What you need to know about the Facebook hack

Another day, another security breach. But this time it’s with the ubiquitous Facebook, and the breach may end up involving other apps that let you login with Facebook.

Here’s a summary of what you need to know. (And here’s another reason to be mad at Facebook this week.)

What Happened?

Back in December, Facebook noticed a spike in unusual Facebook access. Last week they identified that because of a combination of factors and vulnerabilities related to Facebook’s “View As” feature, hackers were able to steal personal data from 50 million users, which equals about 2.2% of their 2,23 billion of their monthly active users.

The “View As” feature lets you see your profile as others might see it… friends, friends of friends, strangers, etc. It’s a helpful tool to point out if you’re sharing too much private information publically.

What Did the Hackers Steal?

Facebook hasn’t released all the info about what was compromised, but hackers were able to login to Facebook with the 50 million accounts. The hackers accessed personal information such as name, hometown and status, but Facebook says it doesn’t seem like the hackers have credit card info and other more valuable data. With the hacked information, the bad guys may also have access to other accounts that use Facebook credentials to log in. Again, we don’t know all the facts yet. But Tinder, one site that uses Facebook logins, says it doesn’t look like the hackers infiltrated their users.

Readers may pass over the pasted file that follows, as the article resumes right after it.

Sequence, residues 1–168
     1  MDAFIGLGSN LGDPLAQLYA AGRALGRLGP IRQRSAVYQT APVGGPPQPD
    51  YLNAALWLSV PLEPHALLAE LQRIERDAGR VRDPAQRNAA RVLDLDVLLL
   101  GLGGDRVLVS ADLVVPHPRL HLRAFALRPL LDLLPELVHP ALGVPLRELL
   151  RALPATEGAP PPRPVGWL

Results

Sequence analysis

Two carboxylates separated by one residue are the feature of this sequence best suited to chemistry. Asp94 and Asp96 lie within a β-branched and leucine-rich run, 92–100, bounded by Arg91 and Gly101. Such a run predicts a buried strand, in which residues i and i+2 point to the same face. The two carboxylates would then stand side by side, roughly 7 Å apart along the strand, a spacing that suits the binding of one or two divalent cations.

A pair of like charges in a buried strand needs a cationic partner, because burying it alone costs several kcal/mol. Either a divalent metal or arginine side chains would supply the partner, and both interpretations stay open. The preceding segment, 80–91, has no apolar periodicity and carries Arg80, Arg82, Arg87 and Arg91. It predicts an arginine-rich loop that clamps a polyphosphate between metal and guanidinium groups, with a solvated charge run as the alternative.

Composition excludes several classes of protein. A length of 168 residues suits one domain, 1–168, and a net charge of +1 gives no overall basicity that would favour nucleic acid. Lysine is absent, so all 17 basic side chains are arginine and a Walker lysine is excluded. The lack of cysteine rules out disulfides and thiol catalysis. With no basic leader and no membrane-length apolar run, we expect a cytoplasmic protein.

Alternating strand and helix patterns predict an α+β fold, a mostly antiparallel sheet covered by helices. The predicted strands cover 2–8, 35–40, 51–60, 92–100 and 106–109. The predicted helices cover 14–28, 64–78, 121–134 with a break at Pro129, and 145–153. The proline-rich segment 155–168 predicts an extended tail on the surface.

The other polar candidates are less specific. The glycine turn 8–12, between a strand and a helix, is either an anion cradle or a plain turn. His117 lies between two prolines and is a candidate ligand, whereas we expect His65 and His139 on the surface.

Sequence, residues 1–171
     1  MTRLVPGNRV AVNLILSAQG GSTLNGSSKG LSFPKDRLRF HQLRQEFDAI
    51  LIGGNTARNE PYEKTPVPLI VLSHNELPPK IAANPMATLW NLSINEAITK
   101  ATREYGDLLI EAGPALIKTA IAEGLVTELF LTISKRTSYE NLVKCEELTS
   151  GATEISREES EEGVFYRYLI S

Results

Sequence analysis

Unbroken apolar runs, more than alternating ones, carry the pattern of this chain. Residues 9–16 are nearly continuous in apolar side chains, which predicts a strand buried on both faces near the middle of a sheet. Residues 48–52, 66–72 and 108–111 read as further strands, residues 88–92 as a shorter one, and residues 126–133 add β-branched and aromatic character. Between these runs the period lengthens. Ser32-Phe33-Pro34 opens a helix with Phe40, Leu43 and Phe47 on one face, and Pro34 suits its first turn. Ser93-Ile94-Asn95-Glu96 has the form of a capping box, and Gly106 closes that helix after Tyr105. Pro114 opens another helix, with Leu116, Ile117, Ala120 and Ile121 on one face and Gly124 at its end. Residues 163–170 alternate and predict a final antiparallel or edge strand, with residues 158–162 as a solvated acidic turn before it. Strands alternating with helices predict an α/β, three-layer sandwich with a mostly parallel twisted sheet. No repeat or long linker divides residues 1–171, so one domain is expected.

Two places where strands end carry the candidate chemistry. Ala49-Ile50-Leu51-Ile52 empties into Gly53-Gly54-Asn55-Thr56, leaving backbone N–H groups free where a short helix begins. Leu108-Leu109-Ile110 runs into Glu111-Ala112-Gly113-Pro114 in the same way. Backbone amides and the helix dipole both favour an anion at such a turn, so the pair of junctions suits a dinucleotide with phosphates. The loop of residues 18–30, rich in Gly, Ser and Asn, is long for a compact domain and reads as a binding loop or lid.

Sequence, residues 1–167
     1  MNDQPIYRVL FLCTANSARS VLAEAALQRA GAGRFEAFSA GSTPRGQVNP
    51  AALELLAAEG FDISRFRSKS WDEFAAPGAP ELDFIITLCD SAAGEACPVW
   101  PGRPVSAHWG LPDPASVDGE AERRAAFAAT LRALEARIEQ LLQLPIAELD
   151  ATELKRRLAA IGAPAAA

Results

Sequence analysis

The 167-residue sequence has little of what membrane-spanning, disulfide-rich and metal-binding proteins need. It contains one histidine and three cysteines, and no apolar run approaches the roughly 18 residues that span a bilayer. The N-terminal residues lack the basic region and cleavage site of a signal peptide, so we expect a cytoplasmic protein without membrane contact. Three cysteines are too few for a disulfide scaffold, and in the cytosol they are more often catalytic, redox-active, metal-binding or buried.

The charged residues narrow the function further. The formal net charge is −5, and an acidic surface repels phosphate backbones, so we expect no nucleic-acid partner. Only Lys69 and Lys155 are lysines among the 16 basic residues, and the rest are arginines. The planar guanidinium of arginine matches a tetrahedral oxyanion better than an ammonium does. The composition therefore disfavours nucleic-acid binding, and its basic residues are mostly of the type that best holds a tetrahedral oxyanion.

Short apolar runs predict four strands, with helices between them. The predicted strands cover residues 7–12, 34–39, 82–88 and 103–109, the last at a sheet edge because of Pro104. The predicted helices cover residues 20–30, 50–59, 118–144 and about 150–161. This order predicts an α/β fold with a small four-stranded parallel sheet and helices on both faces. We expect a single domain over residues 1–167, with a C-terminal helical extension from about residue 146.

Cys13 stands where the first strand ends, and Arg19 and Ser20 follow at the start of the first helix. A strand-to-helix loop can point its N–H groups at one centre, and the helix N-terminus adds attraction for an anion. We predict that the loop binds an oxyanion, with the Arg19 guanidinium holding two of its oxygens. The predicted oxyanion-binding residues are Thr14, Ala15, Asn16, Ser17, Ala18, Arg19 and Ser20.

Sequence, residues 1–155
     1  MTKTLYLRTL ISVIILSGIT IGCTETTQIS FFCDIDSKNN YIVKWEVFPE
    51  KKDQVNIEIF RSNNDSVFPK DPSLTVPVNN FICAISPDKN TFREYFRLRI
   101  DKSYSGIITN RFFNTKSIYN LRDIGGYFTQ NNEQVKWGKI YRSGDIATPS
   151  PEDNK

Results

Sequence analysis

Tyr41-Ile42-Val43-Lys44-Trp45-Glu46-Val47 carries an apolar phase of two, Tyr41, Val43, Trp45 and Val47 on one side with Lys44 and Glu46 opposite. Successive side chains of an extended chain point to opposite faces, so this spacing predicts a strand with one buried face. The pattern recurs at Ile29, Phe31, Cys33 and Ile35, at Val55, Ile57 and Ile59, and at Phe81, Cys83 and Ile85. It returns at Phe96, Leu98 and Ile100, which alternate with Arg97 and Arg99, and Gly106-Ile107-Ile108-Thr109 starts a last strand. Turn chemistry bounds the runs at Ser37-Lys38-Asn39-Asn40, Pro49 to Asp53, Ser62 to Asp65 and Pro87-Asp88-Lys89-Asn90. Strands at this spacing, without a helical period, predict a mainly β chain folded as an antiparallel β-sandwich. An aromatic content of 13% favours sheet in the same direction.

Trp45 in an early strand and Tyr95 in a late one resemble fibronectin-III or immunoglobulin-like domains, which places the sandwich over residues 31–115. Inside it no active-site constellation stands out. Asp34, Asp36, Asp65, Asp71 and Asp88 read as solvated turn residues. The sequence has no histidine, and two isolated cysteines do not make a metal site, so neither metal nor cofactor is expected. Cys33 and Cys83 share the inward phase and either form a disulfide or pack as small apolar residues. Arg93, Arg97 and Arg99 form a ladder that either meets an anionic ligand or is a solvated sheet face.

What Has Facebook Done?

Facebook says…

  1. They patched the vulnerability.
  2. They reset the accounts of the 50 million people.
  3. They reset the accounts of 40 million other people who used “View As” within the past year but who didn’t seem to be affected.
  4. They are investigating more about what was stolen.

What Should You Do?

  1. If you’re one of the 90 million people directly affected, you’ve already been reset.
  2. If you haven’t seen a notice or been logged out, you can…
    1. Change your password
    2. Remove other apps’ access to Facebook
    3. Deactivate or delete your Facebook account (NOTE: They just changed the “change your mind” period from 2 weeks to 30 days for full deletion, so this will take a while)

What Will Most Facebook Users Do?

This part makes me sad… as a whole, we’re likely to do nothing. We won’t delete our account. We won’t change our password. We won’t bother to remove app access. It’s not that we aren’t mad… it’s just that as a whole we’re too distracted to sit down and take action.

Will This Happen Again?

Uh. Yeah. And probably more often as time goes on. This vulnerability was a small, small bug that happened when a specific set of circumstances were present. It’s like that weird situation where the doorbell shorted out because it was raining at exactly the same time that your neighbor pushed the doorbell while you were blow drying your hair and the front porch light was on. And that means that hackers are very sophisticated in their search for weak areas that are almost impossible to stumble upon.

Another reason to be mad at Facebook
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